The shift from on-premise to cloud computing continues to gain pace. But with customers’ number one concern now identified as security, how can an ISV or reseller ensure its hosting partner has the right processes and technologies in place to safeguard critical customer data? How does the shift from on-premise to the cloud affect issues such as PCI DSS compliance? And should organisations begin to impose greater security controls with end customers to improve authentication procedures?

With customers demanding ever more stringent compliance led contracts, IT organisations can minimise the risk of moving to the cloud whilst also attaining all the benefits of economies of scale, reduced headcount and new revenue stream.

Inexorable Shift

The move away from on-premise systems to cloud computing appears inexorable, with research organisations predicting a wholesale transition to the new model over the next decade. Growing numbers of IT providers, from Independent Software Vendors (ISVs) to consultancies and pure hardware providers are looking to make the transition to cloud-based service delivery.

But while customer organisations are keen to improve operational efficiency, reduce headcount and improve the bottom line by moving from on-premise systems towards a hosted model, this is a major paradigm shift and requires careful consideration. What are the security implications of moving corporate data off site? What are the risks associated with the multi-tenanted cloud model?

A rash of cloud-security led debates is whipping up anxiety across end user organisations, apparently making security the number one consideration for every potential customer looking at cloud based solutions.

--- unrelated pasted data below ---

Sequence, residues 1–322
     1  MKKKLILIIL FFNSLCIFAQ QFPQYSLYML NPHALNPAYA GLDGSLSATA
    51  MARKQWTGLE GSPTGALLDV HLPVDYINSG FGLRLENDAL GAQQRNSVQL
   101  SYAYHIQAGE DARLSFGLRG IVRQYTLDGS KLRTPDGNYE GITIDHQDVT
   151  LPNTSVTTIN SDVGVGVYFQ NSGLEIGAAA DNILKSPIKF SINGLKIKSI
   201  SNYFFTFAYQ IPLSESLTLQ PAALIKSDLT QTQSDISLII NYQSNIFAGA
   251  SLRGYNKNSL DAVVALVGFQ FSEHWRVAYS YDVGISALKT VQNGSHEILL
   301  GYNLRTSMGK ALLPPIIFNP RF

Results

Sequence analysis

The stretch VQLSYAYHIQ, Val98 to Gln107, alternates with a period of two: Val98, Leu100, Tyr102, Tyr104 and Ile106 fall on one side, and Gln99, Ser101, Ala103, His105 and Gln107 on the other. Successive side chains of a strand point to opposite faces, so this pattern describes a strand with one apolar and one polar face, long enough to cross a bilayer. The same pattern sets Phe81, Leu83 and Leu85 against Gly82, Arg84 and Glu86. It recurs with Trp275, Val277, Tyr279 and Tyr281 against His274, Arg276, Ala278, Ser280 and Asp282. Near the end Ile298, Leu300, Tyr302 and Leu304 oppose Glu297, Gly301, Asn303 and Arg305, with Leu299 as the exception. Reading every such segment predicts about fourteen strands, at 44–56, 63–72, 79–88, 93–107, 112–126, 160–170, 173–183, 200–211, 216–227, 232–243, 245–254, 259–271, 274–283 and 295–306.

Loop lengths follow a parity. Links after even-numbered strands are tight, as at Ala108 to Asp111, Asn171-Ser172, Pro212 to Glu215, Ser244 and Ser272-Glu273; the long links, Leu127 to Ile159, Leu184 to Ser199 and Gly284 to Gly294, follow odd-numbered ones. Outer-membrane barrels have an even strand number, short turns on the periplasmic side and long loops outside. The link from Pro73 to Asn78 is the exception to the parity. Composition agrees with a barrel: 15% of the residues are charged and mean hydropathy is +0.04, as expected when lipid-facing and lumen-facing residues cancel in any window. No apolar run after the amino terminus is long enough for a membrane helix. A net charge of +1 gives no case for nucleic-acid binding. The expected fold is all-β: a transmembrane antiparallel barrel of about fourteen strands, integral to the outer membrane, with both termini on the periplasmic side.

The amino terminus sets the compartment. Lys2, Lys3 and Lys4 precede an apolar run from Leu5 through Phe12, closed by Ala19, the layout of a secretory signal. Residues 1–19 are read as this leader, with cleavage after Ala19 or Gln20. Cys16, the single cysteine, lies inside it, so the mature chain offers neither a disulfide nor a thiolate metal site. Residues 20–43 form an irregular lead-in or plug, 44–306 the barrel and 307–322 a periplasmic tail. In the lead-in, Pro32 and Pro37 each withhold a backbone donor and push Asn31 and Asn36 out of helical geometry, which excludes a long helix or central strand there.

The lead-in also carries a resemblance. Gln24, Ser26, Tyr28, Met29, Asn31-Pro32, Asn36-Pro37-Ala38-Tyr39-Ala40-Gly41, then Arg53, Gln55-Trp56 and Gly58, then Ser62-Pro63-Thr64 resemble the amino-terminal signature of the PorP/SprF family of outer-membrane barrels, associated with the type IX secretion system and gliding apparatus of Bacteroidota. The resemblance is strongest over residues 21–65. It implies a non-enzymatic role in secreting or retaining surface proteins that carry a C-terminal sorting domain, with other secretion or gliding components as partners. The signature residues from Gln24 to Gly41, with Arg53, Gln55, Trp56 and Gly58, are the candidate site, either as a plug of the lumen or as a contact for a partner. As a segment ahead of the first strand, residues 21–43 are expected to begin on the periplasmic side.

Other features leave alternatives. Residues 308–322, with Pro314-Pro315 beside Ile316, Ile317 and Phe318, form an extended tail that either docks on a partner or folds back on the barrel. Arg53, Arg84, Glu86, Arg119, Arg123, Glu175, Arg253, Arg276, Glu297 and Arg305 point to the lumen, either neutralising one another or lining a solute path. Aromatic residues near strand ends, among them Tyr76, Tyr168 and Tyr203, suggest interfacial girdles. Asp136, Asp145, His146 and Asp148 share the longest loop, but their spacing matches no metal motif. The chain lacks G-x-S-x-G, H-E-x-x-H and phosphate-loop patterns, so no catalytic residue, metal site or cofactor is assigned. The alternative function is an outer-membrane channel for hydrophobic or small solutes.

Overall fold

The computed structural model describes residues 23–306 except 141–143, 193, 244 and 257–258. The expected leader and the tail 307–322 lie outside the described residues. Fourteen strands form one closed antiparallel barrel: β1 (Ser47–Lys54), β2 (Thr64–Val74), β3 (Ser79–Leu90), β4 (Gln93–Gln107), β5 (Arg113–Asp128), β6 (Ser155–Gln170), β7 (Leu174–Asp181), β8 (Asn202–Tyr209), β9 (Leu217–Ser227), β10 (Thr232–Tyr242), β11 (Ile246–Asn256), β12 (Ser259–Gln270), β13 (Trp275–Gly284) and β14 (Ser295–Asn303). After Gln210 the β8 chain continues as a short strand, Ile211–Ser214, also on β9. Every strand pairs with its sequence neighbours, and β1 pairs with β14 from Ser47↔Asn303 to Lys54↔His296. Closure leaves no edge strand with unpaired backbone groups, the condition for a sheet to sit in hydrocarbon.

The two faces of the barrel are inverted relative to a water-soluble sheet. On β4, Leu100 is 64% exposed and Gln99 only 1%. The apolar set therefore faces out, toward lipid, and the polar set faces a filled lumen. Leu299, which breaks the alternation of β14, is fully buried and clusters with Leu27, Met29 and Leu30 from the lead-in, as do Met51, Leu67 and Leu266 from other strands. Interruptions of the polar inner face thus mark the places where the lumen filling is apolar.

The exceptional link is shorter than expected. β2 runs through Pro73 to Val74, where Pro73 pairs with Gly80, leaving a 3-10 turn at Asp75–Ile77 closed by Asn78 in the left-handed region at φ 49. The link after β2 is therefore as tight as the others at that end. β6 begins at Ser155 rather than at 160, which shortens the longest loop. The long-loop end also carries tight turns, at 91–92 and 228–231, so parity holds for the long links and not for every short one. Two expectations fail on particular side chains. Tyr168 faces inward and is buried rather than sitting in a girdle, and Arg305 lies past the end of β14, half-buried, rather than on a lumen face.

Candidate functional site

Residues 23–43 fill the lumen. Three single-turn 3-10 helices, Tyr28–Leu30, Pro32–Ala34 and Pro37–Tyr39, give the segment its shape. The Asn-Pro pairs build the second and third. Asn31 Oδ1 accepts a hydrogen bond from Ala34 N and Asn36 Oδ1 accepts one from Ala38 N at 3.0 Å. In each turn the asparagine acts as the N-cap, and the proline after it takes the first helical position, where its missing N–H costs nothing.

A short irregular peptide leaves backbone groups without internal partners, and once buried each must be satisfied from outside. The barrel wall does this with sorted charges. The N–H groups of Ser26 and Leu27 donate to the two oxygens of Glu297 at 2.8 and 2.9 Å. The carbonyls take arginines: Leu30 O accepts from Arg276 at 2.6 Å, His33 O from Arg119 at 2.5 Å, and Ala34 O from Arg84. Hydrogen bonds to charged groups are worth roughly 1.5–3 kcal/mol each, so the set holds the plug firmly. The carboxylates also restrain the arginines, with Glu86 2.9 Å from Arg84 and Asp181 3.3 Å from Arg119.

But let’s put this in to perspective: Level 3 or Level 4 data centres offer far greater levels of data security than on premise systems. At a physical level, buildings are well ventilated, fire proof and have 24×7 security staff. They are also secured with leading edge technology – from firewalls and anti-spam to anti-virus and real-time monitoring technology – that could never be justified by a single SME. And data centres will impose tight and consistent security policies; there will be no open firewalls to let senior management work remotely, for instance!

Private vs Public

Of course, much of the cloud-based discussion relates to public rather than private cloud activity. The recent security breach at Google Docs obviously raised concerns about the security of corporate documents held on a public cloud.

Furthermore, organisations adopting cloud computing do not always know where data is located. It could be held in countries such as the US or China where there is uncertainty around how information is policed and the information security legislation in these countries is likely to be very different to UK legislation.

But private clouds offer organisations far more choice and control. If organisations are concerned about how the information could be accessed or misused, the best option is to partner with a hosting provider that only uses UK data centres – for both primary hosting and secondary back up sites.